The world is a bit wacky right now, Marijuana can help you relax and manage you stress.
Government shutdown, election nonsense, the end of summer, the news if full of all sorts of negative information. Plus, autumn is here along with cuffing season, the time of year where many short-term relationships happen. It usually begins in the fall around October and ending in the spring around April—so there’s time to get cuffed and uncuffed. And while a short-term relationship which expires with spring, swimsuits and sunbathing may sound odd, some love it. It provides a cozy atmosphere and cuddle buddy for the long dark months and the holiday season. Cannabis can help you with stress of news, searches and just life in general.
While marijuana can be a great escape mechanism, it can also be a constructive way of grounding yourself in the present and curbing other coping mechanisms that are more harmful.
It can curb your drinking
Fall starts up many social events with work and family life. The darker evenings give us a free pass to drink earlier every day. While drinking might help you feel better in the short term, marijuana might play a more effective role in the long term, eliminating hangovers, treating your body more kindly and preventing sad drunken episodes. Next time you feel yourself itching to reach for that bottle of wine or that whisky you’ve been saving for a special occasion (the end of the world counts), reach for an edible instead. Your body can tell the difference.
It can help you eat
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If you’re someone who feels anxiety in the pit of your stomach, hindering the desire to eat, marijuana might help; THC, the psychoactive component in marijuana, has been shown to stimulate appetite.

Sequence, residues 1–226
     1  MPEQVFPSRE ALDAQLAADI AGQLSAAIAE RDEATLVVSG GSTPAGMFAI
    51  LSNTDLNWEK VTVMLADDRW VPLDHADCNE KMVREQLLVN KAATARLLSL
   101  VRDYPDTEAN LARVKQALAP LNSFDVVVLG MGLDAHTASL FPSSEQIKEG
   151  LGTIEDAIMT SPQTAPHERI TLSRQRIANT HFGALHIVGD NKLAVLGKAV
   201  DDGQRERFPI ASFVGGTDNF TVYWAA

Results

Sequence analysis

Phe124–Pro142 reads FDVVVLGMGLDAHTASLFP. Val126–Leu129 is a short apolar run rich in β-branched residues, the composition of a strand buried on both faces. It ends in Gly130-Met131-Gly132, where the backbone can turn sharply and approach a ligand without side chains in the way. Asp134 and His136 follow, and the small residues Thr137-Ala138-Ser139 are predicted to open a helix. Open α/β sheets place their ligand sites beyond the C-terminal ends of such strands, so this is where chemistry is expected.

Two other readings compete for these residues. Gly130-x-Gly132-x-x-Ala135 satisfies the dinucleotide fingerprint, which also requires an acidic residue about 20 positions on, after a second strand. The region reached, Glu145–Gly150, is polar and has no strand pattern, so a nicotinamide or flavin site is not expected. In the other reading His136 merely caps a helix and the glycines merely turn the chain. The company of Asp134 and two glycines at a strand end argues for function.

According to a 2015 Yale study, neurons in the brain that are normally involved in suppressing appetite were being tricked by THC. Lead author Tamas Horvath of the study explains it this way:
“It’s like pressing a car’s brakes and accelerating instead. We were surprised to find that the neurons we thought were responsible for shutting down eating, were suddenly being activated and promoting hunger, even when you are full. It fools the brain’s central feeding system.”
The government agrees it is a way to help you overcome anxiety and move toward a normal eating pattern.
It can help you feel more present
Marijuana is an interesting compound; while it makes a lot of people feel good, it also makes a lot of people feel paranoid. Manage your intake and have a talk with your budtender. As long as you keep an eye on your dosage, you’re likely to avoid bad reactions. Marijuana can help you have engaging conversations with friends, enjoy the outdoors , or help you get lost in a video game, book or movie. When used correctly, it’ll rein in your brain when it feels like going to the doom and gloom place.
If you’ve had bad experiences with marijuana, try to remember what happened that day that triggered it. Was it the strain? Was it your mood? Were you with people who triggered you? Keep in mind these variables whenever you’re planning on toking up and limit your amount of stressors. Start off slow, preferably with something you’ve tried before and increase or experiment as you go.
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The right strain and dosage of marijuana can help you relax — something you might be needing after the very intense week we’ve all had. Consider the method of consumption: If you’re having an edible, be patient and eat it during the earlier. If you’re smoking, pace yourself through the night and keep yourself hydrated. The idea is to relax, not to knock yourself out. Unless that’s what you want, in which case, go for it.
Much needed sleep
Perhaps the most common ailment affecting many of us is insomnia. After a week of staying up and watching the news, it might be difficult to get back to your normal sleep schedule. While marijuana can do a lot of the work for you, another thing you can use to your advantage is devising a sleep routine and avoiding screens while in bed. Difficult, but not impossible. Here are 5 more tips to help you fall asleep faster.